Lena Waithe earned her history-making Emmy Award for co-writing “Thanksgiving” with “Master of None” creator Aziz Ansari. The episode (based on her own experience) centered on her character coming home and coming out.
“Thank you for embracing a little Indian boy from South Carolina and a little queer black girl from the South Side of Chicago. We appreciate it more than you could ever know.” —Lena Waithe, from her Emmy acceptance speech
It is no surprise then that Waithe comes home once again for her new Showtime series “The Chi.” The story follows a handful of south side Chicagoans across the intergenerational spectrum from pre-teen to old age. (The pilot officially airs January 7, 2018 but is available to stream now.) Skip the trailer and jump right into the show.
Unlike Showtime’s current female-fronted series “SMILF” (the worth-watching Frankie Shaw-created comedy featuring Rosie O’Donnell, Connie Britton, Raven Goodwin, Samara Weaving and Shaw herself), men are at forefront of “The Chi.”
However, there looks to be ample room for the women to outshine them. I trust the mothers, love interests and exes we meet in the pilot—Yolonda Ross, Tiffany Boone and the inevitable scene-stealer Sonja Sohn among them—will be just fine in the capable hands of Waithe.
The men do shine though. Jason Mitchell (who appeared in Straight Outta Compton and, more recently, Netflix’s Mudbound) does wonders in the role of the young adult Brandon. He delivers a moving speech in the latter half of the episode I must leave unspoiled. The range of his performance in this single airing alone is enough to kickstart his Emmy campaign early.
Younger roles of pre-teen Kevin and teenager Emmett are embodied with genuine talent by Alex Hibbert and Jacob Latimore, respectively. Both show promise beyond their years. The showstopper of this series, though, is the work put forth by Ntare Guma Mbaho Mwine (“Heroes” and Queen of Katwe).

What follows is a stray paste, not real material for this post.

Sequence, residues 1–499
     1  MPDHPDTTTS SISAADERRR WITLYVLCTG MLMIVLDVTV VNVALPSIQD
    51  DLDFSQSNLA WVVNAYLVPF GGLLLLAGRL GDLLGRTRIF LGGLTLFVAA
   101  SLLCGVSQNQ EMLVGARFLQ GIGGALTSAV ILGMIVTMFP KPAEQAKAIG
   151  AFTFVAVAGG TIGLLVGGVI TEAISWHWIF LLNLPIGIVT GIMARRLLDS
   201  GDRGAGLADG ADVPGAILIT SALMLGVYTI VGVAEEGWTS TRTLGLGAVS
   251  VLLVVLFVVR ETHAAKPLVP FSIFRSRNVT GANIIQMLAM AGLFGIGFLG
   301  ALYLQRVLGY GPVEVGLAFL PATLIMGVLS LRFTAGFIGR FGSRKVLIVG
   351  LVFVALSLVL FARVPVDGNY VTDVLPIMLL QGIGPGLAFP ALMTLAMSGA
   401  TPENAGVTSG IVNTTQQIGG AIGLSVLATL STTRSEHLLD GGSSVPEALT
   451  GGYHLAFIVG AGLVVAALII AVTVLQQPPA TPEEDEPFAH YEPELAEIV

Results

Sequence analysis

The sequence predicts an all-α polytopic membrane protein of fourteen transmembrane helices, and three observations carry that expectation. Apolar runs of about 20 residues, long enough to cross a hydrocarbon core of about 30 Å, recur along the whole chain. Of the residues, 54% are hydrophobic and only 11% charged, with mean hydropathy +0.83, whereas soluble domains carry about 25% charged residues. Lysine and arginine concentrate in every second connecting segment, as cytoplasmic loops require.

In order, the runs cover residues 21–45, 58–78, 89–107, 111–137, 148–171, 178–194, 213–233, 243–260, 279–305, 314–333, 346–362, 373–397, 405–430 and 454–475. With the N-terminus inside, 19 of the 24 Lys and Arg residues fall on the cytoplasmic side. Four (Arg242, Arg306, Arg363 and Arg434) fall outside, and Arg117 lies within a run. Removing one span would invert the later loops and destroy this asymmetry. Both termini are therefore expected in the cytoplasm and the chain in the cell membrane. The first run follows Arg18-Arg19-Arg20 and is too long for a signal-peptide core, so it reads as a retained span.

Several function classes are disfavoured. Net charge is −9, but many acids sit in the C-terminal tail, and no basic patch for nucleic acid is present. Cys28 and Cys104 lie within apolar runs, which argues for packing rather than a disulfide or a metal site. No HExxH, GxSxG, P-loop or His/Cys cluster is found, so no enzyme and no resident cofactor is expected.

As the weathered, raspy-voiced Ronnie, Mwine serves up equal parts heart and heartbreak in every scene. One can only expect, after the events that befall his character in the opening of this critical-darling-bound drama, he has nowhere to go but up. I fully expect the seasoned actor (and playwright) to rise to the occasion.
Waithe made history at the 2017 Emmys as the first African-American woman to win for comedy writing. That same night series creator Donald Glover became the first African-American to win for comedy series directing.
I will draw the comparison to Glover’s “Atlanta”—not because it uses the setting as the title (or “as a character” to follow the trope)—because I believe “Atlanta” was the best show of 2017. It had many solid performances (by Zazie Beetz, Brian Tyree Henry, Lakeith Stanfield and Glover), a vibe of something new/fresh/different as well as a subtle cool about itself.
The pilot of “The Chi” doubles down on those common threads. Here’s hoping its hand actually follows suit. I will definitely be watching.
How’s Jim Carrey Going to End?
“Well, if I had my choice, it wouldn’t start at all. It would already have been. And it wouldn’t end either.” — Jim…